Look out! Hide behind your sofas and stick a saucepan on your head for protection. Phil’s on the rampage!

I’m fired-up and hotter under the collar than the time I devoured a vindaloo and chilli pepper curry at my local Welsh-Indian restaurant, The Pentre Khyber.

What’s caused this?

As usual, people’s cavalier, lazy use of English.

I can’t be the only person who’s noticed that many journalists, politicians, experts etc., interviewed on the TV and radio news now routinely begin answering a question with the word ‘So….’ before continuing.

For example . . .

Interviewer: “With me in the studio is the CEO of Amalgamated Chocolate Teapots, Abernathy Farquhar. Mister Farquhar, would you explain why sales of chocolate teapots have plummeted by 500% in the last week?”

Farquhar: “So…what’s happened in real terms is…..”

Was the person who started this linguistic lunacy the same one who first replied “Absolutely!” when answering a question affirmatively instead of using the perfectly adequate “Yes”?

Another affectation that gets my goat (tethered on my back lawn to keep the grass short ) is when a person’s response to something I’ve said is the meaningless “O-kay!”.

That suggests they’re magnanimously giving me their approval while at the same time secretly doubting me.

I don’t know where that one started but it’s definitely not “O-kay” with me.

I’m on a roll now…

If a man said “Good afternoon!” to you at breakfast time, you’d think he was a little odd or had won the ‘Rolex’ he was wearing from a ‘grabber’ machine in a Porthcawl amusement arcade . . . 15 years ago.

Last week, I was in my car, listening to BBC Radio Wales and heard someone say, “Welcome to Good Evening Wales!”

Good Evening Wales?! It was four in the afternoon on a crisp, sunny day!

In my book – available for pre-order at £29.99 – evenings start around seven o’ clock.

BBC Radio Wales must spend so much on doughnuts to keep Wynne Evans happy during his new morning show that there’s no cash left to purchase a clock or two.

That’s a ‘clock or two’. A cockatoo would be a terrible waste of licence payer’s money.

Calling the show “Good Evening Wales” is a conceit, because it sounds much more important, more ‘prime time’ than “Good Afternoon Wales”.

It also makes the presenters appear more important and in regional broadcasting, appearing more important than you are, is really important.

So… rant over, do I feel better?

Absolutely!

On a mission to keep Welsh Stand-up alive

As I write this, a number of my Welsh speaking comedy chums and I have started the first stages of writing new material for a stand up comedy series to be recorded and aired on S4C later this year.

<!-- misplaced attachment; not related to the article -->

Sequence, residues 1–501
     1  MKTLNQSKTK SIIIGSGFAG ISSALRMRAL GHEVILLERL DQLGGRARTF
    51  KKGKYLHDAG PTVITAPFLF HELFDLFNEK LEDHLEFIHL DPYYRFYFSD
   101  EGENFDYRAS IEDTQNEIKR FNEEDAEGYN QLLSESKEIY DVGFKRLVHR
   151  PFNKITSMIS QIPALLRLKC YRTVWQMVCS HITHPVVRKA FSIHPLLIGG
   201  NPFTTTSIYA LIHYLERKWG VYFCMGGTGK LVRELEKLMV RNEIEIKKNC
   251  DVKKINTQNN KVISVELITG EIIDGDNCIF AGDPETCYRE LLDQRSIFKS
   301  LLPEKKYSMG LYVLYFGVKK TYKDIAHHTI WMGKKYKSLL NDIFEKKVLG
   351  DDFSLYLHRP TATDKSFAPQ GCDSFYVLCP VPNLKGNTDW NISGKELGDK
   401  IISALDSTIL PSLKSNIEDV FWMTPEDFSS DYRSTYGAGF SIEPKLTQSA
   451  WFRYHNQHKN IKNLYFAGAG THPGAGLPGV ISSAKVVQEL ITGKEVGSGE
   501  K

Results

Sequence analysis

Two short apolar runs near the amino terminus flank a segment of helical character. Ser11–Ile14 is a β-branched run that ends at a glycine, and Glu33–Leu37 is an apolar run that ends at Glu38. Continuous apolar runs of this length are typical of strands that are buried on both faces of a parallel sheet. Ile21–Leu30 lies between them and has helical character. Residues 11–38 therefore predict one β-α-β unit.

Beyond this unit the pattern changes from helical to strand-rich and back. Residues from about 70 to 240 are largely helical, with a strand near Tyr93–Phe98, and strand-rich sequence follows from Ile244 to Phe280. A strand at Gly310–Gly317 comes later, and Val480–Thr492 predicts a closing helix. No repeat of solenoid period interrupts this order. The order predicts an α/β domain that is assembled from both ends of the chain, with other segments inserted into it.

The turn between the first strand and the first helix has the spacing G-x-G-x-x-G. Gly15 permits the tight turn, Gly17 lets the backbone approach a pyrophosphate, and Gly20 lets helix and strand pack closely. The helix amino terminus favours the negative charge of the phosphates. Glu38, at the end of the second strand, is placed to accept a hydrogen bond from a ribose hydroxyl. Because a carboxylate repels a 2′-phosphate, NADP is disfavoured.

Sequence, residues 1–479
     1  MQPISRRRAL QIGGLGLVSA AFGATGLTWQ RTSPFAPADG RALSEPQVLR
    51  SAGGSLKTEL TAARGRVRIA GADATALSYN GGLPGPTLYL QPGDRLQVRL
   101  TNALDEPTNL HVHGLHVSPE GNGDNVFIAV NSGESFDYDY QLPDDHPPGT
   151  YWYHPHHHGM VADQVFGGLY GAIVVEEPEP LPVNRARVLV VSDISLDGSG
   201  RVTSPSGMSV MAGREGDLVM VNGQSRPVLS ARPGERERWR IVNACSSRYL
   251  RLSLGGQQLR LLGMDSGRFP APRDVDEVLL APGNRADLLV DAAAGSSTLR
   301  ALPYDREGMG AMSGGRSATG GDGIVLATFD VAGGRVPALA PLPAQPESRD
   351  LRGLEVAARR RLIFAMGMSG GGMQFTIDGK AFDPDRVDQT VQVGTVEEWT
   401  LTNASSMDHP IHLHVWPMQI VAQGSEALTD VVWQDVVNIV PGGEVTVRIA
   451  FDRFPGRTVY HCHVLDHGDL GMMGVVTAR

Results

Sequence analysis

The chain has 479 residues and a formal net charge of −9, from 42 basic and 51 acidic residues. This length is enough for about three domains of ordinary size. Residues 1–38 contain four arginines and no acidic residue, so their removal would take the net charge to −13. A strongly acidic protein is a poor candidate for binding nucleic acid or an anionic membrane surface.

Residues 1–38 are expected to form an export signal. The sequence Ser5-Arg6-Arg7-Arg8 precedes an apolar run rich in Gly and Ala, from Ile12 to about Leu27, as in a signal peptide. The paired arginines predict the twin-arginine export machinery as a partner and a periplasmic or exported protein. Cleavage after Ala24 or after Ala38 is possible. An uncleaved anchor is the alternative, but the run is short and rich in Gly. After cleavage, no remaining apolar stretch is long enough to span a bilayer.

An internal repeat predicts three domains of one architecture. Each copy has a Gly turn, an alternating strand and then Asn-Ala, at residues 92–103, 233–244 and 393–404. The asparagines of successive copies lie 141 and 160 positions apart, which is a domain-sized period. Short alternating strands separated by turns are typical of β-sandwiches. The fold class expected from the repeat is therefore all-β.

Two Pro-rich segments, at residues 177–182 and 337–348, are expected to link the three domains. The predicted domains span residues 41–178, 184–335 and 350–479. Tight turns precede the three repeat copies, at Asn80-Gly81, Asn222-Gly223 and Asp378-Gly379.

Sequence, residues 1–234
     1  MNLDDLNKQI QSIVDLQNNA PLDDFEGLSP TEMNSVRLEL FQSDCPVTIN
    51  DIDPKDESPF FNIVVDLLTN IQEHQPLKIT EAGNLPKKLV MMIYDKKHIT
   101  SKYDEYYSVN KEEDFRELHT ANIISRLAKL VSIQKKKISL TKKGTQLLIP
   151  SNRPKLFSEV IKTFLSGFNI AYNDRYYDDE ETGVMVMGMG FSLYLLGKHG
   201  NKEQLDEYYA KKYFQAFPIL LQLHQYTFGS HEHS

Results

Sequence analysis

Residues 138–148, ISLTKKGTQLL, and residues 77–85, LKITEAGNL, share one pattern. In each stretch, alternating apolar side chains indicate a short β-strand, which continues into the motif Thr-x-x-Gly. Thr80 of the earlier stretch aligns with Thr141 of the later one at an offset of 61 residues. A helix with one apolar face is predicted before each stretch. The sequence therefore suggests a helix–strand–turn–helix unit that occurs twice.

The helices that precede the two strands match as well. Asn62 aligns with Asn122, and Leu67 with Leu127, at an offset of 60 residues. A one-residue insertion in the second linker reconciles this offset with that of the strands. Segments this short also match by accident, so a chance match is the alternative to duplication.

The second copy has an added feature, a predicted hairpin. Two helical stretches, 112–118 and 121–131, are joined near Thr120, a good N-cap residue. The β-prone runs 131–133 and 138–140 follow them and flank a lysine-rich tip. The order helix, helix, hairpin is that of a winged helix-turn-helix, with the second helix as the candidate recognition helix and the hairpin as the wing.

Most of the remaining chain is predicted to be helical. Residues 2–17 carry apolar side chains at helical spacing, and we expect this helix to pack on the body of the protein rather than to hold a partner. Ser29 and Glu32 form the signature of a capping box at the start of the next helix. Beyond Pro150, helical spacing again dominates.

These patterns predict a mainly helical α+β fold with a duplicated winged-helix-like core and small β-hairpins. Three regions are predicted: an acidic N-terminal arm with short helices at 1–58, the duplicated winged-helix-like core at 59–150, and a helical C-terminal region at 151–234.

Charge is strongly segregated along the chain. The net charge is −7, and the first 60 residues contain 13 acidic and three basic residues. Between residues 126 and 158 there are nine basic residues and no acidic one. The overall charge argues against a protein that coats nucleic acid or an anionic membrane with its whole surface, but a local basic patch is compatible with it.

The creative process must produce new, original and quality comedy that must appeal to Welsh speaking viewers.

Following the writing process, shows need to be arranged to road test and hone the material prior to recording, to ensure that each performer is totally at ease with their new act and that laughter is guaranteed.

This exercise can be time consuming, painfully frustrating and at times daunting, but without this process a quality TV recording cannot be achieved.

If you are interested in Welsh stand up comedy, keep your ears open and eyes peeled as we will be performing our warm up shows in many parts of Wales over the next six months and would love you to be part of the experience.

Everything’s looking good

Apparently, it appears that my luck is changing and the future is looking amazingly bright. Let me explain.

On February 29, I received a wedding proposal by email from a Russian lady, 25 years younger than myself, who reassures me that her intentions were honourable and she was very keen to learn to speak English.

I’d have been slightly more impressed if she’d have said Welsh.

She seemed very keen for me to accept her proposal quickly and assured me I was the man for her.

Strangely, earlier that day I also received an email from an overseas legal firm informing me that a legal loophole had been found which meant that they had chosen me to be party to a $2,000,000 inheritance. To proceed I simply needed to supply my full name and bank details.

How amazing is that?

My only initial concern here is that my future Russian bride may have already had access to my emails. She’s promised to send me a picture of herself….watch this space….